I have always had a problem with the Omer. Doing the mitzvah of counting the Omer was of course pretty easy. Remembering to start the second evening of Passover and remembering to stop the day before Shavous took a little concentration but somehow I always managed. No, for me the nagging problem was always why was I doing this in the first place, other than the fact it was a biblical (according to the Rambam) commandment.
With the semi-mourning period of Sefira behind us, and the festival of Shavuot as well (as evidenced by the tightness of our clothing due to over-indulging in irresistible versions of cheesecake that is an integral component of celebrating our receipt of the Torah), our community can look forward to participating in joyous engagement parties and weddings.
Dear Dr. Yael:
Do you really believe that the Internet is the reason why the divorce rate is so high among young couples? This may be so in some cases, but what about the fact that many singles are pressured to get married at a young age despite not having any idea what they are looking for in a mate? And add to that the fact that many are pressured to make a decision about marriage after dating for a very short period of time.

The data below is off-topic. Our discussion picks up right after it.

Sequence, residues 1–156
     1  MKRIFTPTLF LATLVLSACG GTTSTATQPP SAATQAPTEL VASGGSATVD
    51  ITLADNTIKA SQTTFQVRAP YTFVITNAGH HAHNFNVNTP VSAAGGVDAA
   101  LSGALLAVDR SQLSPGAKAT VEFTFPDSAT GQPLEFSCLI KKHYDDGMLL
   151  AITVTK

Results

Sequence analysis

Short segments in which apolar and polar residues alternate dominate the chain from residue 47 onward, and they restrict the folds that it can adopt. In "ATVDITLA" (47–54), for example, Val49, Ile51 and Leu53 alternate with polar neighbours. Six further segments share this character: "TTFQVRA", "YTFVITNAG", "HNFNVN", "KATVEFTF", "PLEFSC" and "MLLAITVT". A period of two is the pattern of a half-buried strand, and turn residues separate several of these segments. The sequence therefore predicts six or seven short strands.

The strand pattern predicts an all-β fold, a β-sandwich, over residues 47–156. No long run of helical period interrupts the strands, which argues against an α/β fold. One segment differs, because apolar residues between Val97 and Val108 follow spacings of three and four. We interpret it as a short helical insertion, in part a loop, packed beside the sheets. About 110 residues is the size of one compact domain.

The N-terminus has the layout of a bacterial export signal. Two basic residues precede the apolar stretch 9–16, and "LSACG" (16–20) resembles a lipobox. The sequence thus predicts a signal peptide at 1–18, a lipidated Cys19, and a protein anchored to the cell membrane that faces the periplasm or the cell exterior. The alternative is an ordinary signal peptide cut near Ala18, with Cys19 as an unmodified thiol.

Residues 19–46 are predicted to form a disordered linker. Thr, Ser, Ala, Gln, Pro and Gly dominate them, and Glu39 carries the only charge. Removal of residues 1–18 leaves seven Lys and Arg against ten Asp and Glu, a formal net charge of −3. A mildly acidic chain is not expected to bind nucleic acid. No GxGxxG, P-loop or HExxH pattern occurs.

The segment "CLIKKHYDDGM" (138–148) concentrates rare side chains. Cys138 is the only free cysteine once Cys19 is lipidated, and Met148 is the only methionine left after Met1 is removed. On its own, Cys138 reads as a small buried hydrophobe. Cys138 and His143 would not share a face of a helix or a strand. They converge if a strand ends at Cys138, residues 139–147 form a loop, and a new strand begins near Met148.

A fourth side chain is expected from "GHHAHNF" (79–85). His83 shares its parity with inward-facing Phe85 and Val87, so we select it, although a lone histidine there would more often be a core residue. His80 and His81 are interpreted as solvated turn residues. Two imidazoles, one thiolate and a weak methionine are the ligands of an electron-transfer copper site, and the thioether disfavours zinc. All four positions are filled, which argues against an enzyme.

From the moment they stand under the chuppah, newlyweds have two years to enjoy the special bliss that new love brings. This new finding, reported by the New York Times, is based on a study undertaken by American and European researchers. 1,761 people who got married and stayed married over 15 years were followed. The research shows that after two years the couples moved into a more companionable state in their relationships.
Shel Silverstein’s 1974 poem “Where The Sidewalk Ends” is intended to paint a magical picture of a world of peace and serenity far away from the “black and dark streets.” At the time, perhaps the end of the sidewalk was a place that was “measured and slow.” Today, however, for many parents, where the sidewalk ends can feel like a scary place.
The next chapter of the award-winning novel.
Florida is famous for sparkling water. We have the beautiful Atlantic Ocean and Gulf of Mexico surrounding our coast. We have bays, lakes, canals and, of course, an incredible abundance of swimming pools in homes, resorts, apartment complexes and city parks.
The buzz is back as Camp Gan Israel Florida Overnight gears up for another fantastic summer, CGI Florida style. What makes CGI Florida so different from all the other overnight camps? It’s all in the details.
Leah Katz, a TeenZone camper at Oorah’s TheZone summer camp and an 11th grader at Midwood High School, read her winning essay about how TheZone changed her views on Judaism at the Jewish Heritage Awards Ceremony held at Brooklyn District Attorney Charles Hynes’s office in April. The purpose of the Jewish Heritage Essay Contest is to acquaint public school students with Jewish history and customs and to help foster a deeper understanding of Jewish culture. The contest is open to students of all ethnic and religious backgrounds. Leah’s essay is reproduced in full below.